Inventory Key Performance Indicators (KPI)


The process where trade-offs between supply chain metrics are perhaps the most apparent is S&OP. It is where decisions must be made to balance supply chain costs, cash, and delivery performance to achieve profitability and service targets [1]. The aspect of trade-off resolution, which is a recurring theme in supply chain decision-making, emphasizes the interconnectedness of metrics and the fact that they cannot be managed in isolation, but must be seen in relation to one another. Inventory metrics are no exception. In fact, they are especially important as they provide a link between supply chain activity (through working capital) and a company’s financial statements [2].


Therefore, to embed inventory metrics in an interconnected set of supply chain metrics that are linked in a causal chain that leads up to top-level metrics such as total supply chain cost and perfect order requires a performance management framework. One that makes the interconnectedness between metrics transparent and further helps resolve trade-offs in a manner that is consistent with overarching business goals. Gartner’s hierarchy of supply chain metrics is one such approach to performance management that addresses this issue by providing a template emphasizing the importance of having an aligned set of metrics. 



In the general-purpose template that Gartner provides (see Figure 3), which can be adapted depending on industry and other client-specifics, the metrics are placed in a hierarchy that is grouped into three tiers—if a top-tier summary metric shows un-satisfactory performance, connected diagnostic metrics in the middle-tier can be looked at to help with root-cause analysis leading to corrections that are first felt at the level of ground-level operational metrics.


Taking an example in the inventory context, below-par performance on an assessment metric “SCM cost” might lead to a diagnosis that uncovers below-par performance in “Inventory” (total inventory), and perhaps corrective actions to reduce “Raw Material Inventory”, which seems to be contributing most to the poor overall inventory performance.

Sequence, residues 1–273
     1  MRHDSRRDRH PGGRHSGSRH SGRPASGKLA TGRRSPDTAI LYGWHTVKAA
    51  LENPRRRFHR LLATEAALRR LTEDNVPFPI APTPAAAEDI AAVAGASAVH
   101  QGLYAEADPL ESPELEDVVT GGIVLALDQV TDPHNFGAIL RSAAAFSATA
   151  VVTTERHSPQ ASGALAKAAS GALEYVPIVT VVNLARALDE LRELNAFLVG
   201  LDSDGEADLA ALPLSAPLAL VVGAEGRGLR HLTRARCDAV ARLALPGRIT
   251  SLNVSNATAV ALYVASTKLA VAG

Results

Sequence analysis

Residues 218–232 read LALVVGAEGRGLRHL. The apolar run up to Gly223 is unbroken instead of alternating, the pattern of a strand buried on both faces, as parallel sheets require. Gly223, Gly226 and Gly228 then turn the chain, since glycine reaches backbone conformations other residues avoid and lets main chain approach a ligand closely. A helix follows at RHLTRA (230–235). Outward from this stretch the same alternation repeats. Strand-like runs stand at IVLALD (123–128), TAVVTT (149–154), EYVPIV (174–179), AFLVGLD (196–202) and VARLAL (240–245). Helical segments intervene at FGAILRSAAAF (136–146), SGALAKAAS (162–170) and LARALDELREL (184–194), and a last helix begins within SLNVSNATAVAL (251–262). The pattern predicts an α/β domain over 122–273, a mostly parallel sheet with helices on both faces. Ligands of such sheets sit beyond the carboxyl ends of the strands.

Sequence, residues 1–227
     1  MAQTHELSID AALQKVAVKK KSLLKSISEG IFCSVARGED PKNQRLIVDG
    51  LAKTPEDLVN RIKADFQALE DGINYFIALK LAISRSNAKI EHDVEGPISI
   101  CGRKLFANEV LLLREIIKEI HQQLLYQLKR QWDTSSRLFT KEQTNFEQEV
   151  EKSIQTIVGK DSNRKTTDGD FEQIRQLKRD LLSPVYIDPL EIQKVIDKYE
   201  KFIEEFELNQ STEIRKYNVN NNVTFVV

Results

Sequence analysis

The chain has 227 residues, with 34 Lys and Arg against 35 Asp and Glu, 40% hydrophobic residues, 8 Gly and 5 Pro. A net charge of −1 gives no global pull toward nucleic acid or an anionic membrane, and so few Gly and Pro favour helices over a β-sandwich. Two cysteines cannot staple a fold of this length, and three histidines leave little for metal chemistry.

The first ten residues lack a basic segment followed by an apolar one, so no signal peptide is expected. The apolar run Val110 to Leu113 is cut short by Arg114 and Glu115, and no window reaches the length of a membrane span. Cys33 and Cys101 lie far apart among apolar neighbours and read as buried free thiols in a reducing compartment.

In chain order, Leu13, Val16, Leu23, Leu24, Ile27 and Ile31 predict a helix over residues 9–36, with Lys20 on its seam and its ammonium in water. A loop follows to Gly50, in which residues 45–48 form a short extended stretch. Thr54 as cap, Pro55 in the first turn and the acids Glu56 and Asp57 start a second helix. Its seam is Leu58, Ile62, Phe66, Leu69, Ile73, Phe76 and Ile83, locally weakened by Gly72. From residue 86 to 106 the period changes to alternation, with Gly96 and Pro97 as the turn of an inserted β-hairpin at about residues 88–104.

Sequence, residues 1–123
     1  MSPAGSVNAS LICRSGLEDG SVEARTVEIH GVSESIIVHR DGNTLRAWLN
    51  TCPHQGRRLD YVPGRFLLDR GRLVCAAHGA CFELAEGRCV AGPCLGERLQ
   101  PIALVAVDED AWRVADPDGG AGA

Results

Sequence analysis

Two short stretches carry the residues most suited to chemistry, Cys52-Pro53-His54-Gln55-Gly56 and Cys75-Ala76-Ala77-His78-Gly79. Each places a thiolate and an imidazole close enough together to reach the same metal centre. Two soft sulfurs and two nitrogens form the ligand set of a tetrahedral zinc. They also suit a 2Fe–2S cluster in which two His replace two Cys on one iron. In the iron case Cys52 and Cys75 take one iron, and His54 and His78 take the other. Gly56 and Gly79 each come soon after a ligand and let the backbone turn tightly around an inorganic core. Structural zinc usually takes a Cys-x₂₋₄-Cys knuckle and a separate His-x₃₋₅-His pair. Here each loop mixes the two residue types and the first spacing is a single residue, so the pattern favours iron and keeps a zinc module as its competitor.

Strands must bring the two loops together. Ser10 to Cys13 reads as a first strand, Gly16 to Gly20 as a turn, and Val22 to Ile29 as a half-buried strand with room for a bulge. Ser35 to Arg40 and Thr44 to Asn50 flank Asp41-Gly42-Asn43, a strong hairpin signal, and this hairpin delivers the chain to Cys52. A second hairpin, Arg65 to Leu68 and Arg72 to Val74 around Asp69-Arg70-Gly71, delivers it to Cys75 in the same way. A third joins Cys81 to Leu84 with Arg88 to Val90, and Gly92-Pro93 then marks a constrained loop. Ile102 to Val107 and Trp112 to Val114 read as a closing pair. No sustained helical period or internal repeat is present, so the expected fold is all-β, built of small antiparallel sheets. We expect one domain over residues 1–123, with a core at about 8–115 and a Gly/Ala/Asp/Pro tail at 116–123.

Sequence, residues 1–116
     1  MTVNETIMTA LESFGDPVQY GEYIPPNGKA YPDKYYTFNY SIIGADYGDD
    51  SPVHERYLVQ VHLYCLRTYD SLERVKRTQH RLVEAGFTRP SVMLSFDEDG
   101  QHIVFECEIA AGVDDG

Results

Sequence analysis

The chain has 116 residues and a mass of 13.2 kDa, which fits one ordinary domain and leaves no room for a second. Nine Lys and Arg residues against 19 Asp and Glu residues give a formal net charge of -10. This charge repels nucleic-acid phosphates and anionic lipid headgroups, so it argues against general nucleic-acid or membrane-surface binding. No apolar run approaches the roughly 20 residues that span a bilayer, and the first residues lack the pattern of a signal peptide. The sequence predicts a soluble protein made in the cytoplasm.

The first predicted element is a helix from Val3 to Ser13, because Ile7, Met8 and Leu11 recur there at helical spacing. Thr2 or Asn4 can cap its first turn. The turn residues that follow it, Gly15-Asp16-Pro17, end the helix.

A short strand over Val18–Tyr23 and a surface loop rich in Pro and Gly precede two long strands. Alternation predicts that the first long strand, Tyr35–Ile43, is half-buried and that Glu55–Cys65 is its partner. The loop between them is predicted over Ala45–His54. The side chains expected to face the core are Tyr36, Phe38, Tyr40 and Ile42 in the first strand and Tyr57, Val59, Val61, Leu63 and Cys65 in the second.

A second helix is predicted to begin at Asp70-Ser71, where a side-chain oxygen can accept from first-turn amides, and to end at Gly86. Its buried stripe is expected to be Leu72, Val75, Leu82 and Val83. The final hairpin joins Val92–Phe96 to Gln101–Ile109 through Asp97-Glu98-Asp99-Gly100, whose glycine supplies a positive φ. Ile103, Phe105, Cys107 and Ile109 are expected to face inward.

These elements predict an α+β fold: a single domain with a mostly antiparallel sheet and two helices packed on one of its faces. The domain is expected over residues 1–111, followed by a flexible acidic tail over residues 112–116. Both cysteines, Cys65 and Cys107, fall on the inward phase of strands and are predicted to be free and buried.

Figure 3: Inventory Metrics in a Metrics Hierarchy (Source: Gartner[3])
Figure 3: Inventory Metrics in a Metrics Hierarchy (Source: Gartner[3])



To summarize, the key inventory-related metrics in the hierarchy are (see Figure 3):

  • “Cash to Cash”, which is a time metric that measures the time it takes for the cash to flow through the supply chain, is a composite metric that consists of (all measured in days):
    • Accounts Payable
    • Inventory (includes finished goods, raw material, and work-in-progress)
    • Accounts Receivable
  • Raw Material Inventory (turns, and value)
  • Work-in-Progress Inventory Value (turns, and value)
  • Finished Goods Inventory (turns and value)


One way of monitoring these inventory metrics in the supply chain and generating exception messages when predefined threshold values are exceeded or fallen short of, as well as entering into the root cause analysis from there, are so-called Supply Chain Control Tower (SCCT) solutions, as described under SAP IBP - Supply Chain Control Tower.


[1] Spooner, M. and Hofman, D., 2016. Using Supply Chain Metrics In The S&OP Process. [online] Gartner. Available at: <> [Accessed 11 May 2020].

[2] Hofman, D., 2015. The Hierarchy Of Supply Chain Metrics: Diagnosing Your Supply Chain Health. [online] Gartner. Available at: <> [Accessed 11 May 2020].

[3] Spooner, M. and Hofman, D., 2016. Using Supply Chain Metrics In The S&OP Process. [online] Gartner. Available at: <> [Accessed 11 May 2020].